WASHINGTON -- Ben Franklin said nothing was certain except death and taxes.
Were Franklin around today, he might have asserted that nothing is certain in recent Democratic presidential administrations except a few failed Cabinet nominees and their unpaid taxes.
Which is why Tom Daschle and Nancy Killefer now have been dumped into the tax bin of history along with one-time Clinton administration nominees Zoe Baird and Bobby Ray Inman.
Daschle, President Obama's pick for health and human services secretary, abruptly withdrew his name from consideration Tuesday after facing a hail of questions about why he failed to pay more than $130,000 in taxes. And Obama had tapped Killefer to be the government's first "chief performance officer" to oversee budget reform, but Killefer's failure to pay unemployment taxes for household workers tripped up her bid.
Last week, the Senate confirmed Treasury Secretary Tim Geithner despite failing to pay more than $40,000 in taxes and interest. That cost Geithner some usually-reliable Democratic votes, including Sen. Tom Harkin, D-Iowa.
"How can Mr. Geithner speak with any credibility or authority?" Harkin wondered.
But a Democratic president has been down this road before.
In 1993, President Clinton nominated Aetna General Counsel Zoe Baird for attorney general. If confirmed, Baird would have been the first woman to hold that post. But then, reports surfaced that Baird failed to pay Social Security taxes for undocumented workers she hired as a nanny and driver.
The affair became known as "Nanny-gate." Baird soon paid $2,900 in fines and withdrew her nomination.
Focused on nominating a woman, Clinton followed by selecting U.S. District Judge Kimba Wood for the post. But a mere two weeks after Baird's nomination imploded, Wood dropped out, too. She also had employed an illegal immigrant as a nanny. Although Wood had paid the required taxes and hadn't broken any laws, the deja vu was too much and Wood abandoned her quest to be attorney general.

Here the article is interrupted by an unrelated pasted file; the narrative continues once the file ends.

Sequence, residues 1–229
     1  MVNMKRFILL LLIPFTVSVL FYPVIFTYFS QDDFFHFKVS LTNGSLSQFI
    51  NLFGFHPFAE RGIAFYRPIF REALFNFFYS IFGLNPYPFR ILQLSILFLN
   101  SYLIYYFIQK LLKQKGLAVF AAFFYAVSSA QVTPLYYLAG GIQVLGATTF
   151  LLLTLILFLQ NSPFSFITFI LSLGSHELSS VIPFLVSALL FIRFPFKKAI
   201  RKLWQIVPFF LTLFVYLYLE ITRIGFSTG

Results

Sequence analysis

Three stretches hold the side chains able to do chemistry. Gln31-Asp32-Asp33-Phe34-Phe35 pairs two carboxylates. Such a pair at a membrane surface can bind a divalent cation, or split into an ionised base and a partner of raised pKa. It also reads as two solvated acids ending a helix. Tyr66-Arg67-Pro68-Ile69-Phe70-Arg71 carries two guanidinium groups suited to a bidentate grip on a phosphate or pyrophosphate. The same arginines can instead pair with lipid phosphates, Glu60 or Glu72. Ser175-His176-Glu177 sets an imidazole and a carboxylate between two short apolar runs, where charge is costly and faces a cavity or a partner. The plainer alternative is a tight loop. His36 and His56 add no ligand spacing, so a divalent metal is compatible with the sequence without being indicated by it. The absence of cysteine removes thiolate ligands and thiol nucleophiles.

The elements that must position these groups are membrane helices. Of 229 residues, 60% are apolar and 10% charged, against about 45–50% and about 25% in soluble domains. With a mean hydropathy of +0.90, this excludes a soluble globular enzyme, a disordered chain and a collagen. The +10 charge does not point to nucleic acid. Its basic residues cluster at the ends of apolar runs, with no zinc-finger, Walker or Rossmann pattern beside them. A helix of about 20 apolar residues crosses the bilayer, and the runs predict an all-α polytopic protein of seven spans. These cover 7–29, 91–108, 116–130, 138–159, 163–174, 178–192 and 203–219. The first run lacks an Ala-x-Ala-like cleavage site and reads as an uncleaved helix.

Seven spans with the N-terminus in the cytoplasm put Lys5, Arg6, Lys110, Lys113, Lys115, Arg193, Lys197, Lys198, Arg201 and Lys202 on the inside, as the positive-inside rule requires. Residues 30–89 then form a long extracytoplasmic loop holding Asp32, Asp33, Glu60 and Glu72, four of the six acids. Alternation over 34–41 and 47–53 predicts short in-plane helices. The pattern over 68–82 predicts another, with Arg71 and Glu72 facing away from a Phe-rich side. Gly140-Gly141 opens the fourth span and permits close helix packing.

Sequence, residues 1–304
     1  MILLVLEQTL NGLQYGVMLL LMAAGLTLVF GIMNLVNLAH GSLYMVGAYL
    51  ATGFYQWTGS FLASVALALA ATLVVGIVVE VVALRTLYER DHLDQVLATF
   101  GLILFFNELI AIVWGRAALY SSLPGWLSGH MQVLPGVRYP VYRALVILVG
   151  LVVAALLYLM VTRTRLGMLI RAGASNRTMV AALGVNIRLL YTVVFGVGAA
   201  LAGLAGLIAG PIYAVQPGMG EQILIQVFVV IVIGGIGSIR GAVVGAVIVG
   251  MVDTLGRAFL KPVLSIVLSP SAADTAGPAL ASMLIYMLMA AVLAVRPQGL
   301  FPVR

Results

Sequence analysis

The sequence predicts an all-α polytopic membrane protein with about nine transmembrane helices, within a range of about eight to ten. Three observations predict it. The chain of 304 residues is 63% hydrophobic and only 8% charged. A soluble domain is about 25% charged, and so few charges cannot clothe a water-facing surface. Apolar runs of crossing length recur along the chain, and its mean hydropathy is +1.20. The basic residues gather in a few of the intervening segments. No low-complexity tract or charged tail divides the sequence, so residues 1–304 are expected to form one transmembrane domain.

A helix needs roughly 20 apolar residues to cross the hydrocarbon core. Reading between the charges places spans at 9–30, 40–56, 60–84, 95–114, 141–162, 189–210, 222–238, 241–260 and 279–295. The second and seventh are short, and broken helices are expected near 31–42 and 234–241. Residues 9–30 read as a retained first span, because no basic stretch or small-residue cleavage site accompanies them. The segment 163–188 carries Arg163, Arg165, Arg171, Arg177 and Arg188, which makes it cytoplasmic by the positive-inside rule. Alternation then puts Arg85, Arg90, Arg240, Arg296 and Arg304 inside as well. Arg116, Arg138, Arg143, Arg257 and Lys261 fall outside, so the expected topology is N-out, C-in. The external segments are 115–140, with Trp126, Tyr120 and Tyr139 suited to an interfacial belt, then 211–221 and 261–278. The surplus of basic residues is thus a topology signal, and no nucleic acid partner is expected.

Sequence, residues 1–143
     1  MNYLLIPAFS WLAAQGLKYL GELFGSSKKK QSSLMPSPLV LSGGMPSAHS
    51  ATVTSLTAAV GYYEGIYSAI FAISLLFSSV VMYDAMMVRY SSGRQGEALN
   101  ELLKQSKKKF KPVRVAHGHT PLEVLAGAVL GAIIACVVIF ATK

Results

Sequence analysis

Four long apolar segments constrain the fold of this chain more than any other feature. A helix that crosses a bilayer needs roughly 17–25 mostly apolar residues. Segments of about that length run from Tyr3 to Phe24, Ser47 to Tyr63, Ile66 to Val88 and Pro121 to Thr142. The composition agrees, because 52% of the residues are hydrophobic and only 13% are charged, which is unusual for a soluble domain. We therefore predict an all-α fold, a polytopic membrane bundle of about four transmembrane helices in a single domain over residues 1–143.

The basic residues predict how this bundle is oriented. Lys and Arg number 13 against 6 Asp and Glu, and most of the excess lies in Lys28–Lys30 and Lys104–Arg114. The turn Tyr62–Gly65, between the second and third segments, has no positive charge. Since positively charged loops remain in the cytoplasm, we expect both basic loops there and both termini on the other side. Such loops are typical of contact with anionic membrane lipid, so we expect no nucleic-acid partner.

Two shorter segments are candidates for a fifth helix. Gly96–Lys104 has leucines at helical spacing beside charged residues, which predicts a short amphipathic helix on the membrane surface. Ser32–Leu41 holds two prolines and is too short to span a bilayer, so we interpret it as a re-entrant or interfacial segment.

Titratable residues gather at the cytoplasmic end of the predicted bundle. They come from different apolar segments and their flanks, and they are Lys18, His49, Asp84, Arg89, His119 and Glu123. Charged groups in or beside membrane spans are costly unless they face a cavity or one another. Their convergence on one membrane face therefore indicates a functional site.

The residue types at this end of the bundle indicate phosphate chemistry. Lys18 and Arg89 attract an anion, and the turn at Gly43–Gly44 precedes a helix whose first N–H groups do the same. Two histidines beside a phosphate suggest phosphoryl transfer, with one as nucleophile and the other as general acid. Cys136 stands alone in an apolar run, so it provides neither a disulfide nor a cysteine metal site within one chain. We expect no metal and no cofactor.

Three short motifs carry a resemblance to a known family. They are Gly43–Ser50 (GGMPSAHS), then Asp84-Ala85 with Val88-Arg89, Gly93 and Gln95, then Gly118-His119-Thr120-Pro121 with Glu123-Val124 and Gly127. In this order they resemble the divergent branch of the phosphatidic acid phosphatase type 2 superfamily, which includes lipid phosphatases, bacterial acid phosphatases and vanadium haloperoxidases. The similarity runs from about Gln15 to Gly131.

Clinton then nominated Janet Reno for attorney general and the Senate confirmed her.
In late 1993, Clinton selected former Adm. Bobby Ray Inman to succeed Les Aspin as defense secretary. But weeks later, Inman withdrew. Inman claimed Senate Republican leaders planned to "turn up the heat" on his nomination because he didn't pay Social Security taxes for a housekeeper.
Several other Clinton administration nominees also suffered from tax issues, yet survived: Supreme Court Justice Stephen Breyer, the former Commerce Secretary Ron Brown and former Transportation Secretary Federico Pena.
Daschle's withdrawal of his bid for health and human services secretary triggered a seismic reaction on Capitol Hill on Tuesday. The news came as senators from both parties held their traditional Tuesday party caucus lunches in closed rooms just feet from the Senate floor. A wall of reporters usually camps in the Ohio Clock Corridor near the Senate chamber on Tuesdays. But journalists scrambled everywhere to buttonhole any senator coming or going from the meetings.
A scrum of at least 40 reporters descended on Senate Finance Committee Chairman Max Baucus, D-Mont., the man charged with navigating Daschle's nomination through the rocky, Senate shoals.
"I think he would have been confirmed," said Baucus of his former party leader. "I'm surprised."
Even conservatives, like Sen. Jim DeMint, R-S.C., seemed stunned that their former colleague withdrew.
"I think he (Mr. Obama) was willing to let it play out to see what happens," said DeMint.
After all, only once has the clubby Senate rejected one of their own for a cabinet post. In 1989, the Senate voted down Sen. John Tower, R-Tex., to be President George H.W. Bush's Defense Secretary for reasons ranging from ties to defense contractors to allegations of a drinking problem. Before the tax issue surfaced, Daschle was practically considered to be a shoo-in because of his deep Senate ties.
But two weeks to the day of his inauguration, Daschle's withdrawal triggered what quickly became the roughest day of President Obama's new administration.
And if history is a guide, things won't get any easier for Obama. Clinton observed how events can quickly pirate a narrative a president is trying to pitch to the press.
On January 21, 1998, President Clinton was scheduled for three, long-form interviews, with Roll Call, National Public Radio and The NewsHour with Jim Lehrer. But that morning, the Washington Post broke the Monica Lewinsky story. And Clinton had to face the music that afternoon with the media.
Daschle's withdrawal is not anywhere near the same league as the Lewinsky scandal. But like his Democratic predecessor 11 years ago, Obama also had to answer questions from the press. In an eerily similar scenario, the president was pre-scheduled Tuesday for long-form interviews with FOX, ABC, NBC, CBS and CNN to advocate his stimulus package.
Of course, many of the questions focused on Daschle's taxes and his failed nomination.
As Lord Byron wrote, "History, with all her volumes vast, hath but one page."
Chad Pergram covers Congress for FOX News. He's won an Edward R. Murrow Award and the Joan Barone Award for his reporting on Capitol Hill.